Poetry and Eloquence of Ali


One of the methods that is practiced by speech-makers is the beautification of speech by the inclusion of eloquent quotes. In the Muslim world, in both early and contemporary times, this is often practiced with the inclusion of Qur’anic verses in one’s speech. It is important to make the distinction that such cases have nothing to do with emphasizing rulings, but rather, it is simply to make the speech more elegant.

An example would be a speech of one who would condemn his opponents who would argue with no evidence. The speaker would then quote the noble verse, “And man is most of all given to contention.” (18:54)

Or for example, one who is trying to acquit himself from accusations of assistance in a crime would quote, “Nor can the bearer of a burden bear the burden of another.” (17:15)

In both cases, those giving the speeches obviously lack the ability to match the Qur’an, and thus, resort to quoting it in order to get their points across in the most eloquent manner.

 In this article, we will be providing examples of Ali quoting poetry by pre-Islamic poets and his contemporaries with the intention of the beautification of his speeches. The purpose of this is to show that Ali did not have eloquence that surpassed the eloquence of all men as Shias often exaggerate.

Examples of Ali Quoting Poetry


  • In Sermon #160, he quotes Imru’ Al-Qais: Now leave this story of devastation about which there is hue and cry all round.


  • In Sermon #3 he quotes Al-A’asha: My days are now passed on the camel’s back (in difficulty) while there were days (of ease) when I enjoyed the company of Jabir’s brother Hayyan.”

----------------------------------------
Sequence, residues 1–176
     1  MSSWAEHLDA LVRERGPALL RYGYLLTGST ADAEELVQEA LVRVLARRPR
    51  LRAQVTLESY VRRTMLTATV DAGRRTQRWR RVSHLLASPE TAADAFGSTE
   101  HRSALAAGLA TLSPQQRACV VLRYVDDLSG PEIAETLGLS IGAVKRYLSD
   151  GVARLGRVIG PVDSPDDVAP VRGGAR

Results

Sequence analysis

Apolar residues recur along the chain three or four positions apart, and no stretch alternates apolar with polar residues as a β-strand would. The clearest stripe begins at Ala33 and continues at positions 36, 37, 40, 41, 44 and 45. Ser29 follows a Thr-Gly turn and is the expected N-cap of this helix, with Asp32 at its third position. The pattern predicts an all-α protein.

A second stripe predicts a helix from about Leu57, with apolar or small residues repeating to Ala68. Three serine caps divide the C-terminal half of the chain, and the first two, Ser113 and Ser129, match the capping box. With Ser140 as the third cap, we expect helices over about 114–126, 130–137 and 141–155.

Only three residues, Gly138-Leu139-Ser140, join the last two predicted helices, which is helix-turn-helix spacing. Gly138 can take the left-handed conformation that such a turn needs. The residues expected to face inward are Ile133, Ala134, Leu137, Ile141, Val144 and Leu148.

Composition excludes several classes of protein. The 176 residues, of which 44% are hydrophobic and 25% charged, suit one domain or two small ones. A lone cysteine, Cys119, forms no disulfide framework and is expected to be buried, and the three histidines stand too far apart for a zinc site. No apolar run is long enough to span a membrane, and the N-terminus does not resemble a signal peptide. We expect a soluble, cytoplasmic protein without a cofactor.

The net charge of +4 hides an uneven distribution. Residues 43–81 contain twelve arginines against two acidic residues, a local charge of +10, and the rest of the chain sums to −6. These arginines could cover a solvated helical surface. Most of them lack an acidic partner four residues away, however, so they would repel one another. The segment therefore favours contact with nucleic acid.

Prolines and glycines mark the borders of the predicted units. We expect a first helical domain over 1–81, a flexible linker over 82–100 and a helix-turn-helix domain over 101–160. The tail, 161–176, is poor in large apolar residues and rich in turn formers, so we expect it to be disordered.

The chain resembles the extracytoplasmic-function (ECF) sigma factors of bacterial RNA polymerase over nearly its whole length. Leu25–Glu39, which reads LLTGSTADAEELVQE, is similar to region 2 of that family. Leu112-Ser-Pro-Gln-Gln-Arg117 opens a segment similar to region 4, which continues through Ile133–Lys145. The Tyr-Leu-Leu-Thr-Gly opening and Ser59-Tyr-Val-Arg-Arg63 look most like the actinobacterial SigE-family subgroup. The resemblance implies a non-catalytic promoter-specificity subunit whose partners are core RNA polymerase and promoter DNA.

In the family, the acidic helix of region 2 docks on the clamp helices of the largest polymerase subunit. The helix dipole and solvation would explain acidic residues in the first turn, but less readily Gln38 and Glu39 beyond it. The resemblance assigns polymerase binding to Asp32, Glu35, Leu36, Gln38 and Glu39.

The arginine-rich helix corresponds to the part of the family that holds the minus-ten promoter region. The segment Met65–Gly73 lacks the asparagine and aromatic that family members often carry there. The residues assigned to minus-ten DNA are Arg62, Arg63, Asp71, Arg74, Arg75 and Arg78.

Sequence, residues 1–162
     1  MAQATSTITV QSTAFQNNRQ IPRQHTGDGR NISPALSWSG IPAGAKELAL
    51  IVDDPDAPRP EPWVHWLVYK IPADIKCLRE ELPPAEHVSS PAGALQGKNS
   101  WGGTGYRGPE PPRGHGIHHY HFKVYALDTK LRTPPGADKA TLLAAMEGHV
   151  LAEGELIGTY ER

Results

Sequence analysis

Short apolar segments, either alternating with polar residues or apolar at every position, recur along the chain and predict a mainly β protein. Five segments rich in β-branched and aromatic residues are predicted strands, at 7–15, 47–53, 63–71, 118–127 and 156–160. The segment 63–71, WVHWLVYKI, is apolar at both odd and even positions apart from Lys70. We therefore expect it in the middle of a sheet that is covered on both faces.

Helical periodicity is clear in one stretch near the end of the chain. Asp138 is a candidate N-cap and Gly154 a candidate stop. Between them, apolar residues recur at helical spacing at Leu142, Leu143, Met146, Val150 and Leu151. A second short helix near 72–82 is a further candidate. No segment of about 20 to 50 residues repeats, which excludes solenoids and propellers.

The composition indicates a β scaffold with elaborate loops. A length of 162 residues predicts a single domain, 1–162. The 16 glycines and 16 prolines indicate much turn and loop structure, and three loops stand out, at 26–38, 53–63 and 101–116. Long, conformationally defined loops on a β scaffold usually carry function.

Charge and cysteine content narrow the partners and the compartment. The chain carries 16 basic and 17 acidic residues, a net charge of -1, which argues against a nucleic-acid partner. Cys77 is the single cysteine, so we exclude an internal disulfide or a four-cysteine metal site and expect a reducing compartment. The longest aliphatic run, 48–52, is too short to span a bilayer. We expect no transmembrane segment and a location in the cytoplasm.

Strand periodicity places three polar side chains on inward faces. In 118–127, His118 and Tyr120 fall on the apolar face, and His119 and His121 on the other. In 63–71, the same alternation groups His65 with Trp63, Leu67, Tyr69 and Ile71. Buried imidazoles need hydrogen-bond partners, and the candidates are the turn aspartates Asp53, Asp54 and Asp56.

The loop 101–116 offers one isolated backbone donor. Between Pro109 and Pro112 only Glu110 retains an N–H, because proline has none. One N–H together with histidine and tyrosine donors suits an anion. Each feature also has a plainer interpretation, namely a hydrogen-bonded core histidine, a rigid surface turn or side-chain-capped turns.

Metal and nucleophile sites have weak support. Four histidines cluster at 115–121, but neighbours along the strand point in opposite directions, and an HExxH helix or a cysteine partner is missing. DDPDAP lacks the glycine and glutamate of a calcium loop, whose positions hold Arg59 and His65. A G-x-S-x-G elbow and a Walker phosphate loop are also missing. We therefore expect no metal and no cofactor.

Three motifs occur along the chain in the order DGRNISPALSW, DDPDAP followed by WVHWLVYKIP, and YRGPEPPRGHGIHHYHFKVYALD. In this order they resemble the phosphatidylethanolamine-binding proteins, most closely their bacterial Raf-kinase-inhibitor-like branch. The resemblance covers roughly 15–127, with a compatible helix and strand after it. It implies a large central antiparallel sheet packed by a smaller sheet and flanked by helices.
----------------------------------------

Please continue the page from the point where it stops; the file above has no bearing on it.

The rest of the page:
• In Sermon #35, he quotes Duraid bin Al-Simma: I gave you my orders at Mun`araji’l-liwa but you did not see the good of my counsel till the noon of next day (when it was too late).


  • In Letter #28 (267), he quotes Hamal bin Badr Al-Qushairi: “Wait a little till Hamal joins the battle.
  • In the same letter, he quotes Abu Thu’aib Al-Huthali, “This is a matter for which no blame comes to you.”


  • In Letter #64 (303), he quotes Bishr bin Abi Khazim Al-Asadi, “They are advancing against summer winds which are hurling stones on them in the highlands and lowlands.




There are other examples of poetry that Ali quotes, however, we were unable to find a source for the poetry, so the above will suffice.

As we can see from the above, Ali’s quoting of poetry is a testament to the superiority of those poets in eloquence. If Ali believed that he was more eloquent he could have recited poetry of his own instead. This is a simple yet powerful proof that Ali’s eloquence was not unattainable by normal humans, rather, it shows that he is inferior in eloquence to the greatest poets like Imru’ Al-Qais and Al-A’asha.


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